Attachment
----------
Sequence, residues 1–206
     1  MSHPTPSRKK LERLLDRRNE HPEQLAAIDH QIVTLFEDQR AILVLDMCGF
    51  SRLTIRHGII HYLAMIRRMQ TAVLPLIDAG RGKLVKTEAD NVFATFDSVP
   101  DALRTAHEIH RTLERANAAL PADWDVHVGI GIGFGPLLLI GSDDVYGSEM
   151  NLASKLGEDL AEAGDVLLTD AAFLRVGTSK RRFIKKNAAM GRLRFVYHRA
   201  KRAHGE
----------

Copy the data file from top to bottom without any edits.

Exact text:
Sequence, residues 1–206
     1  MSHPTPSRKK LERLLDRRNE HPEQLAAIDH QIVTLFEDQR AILVLDMCGF
    51  SRLTIRHGII HYLAMIRRMQ TAVLPLIDAG RGKLVKTEAD NVFATFDSVP
   101  DALRTAHEIH RTLERANAAL PADWDVHVGI GIGFGPLLLI GSDDVYGSEM
   151  NLASKLGEDL AEAGDVLLTD AAFLRVGTSK RRFIKKNAAM GRLRFVYHRA
   201  KRAHGE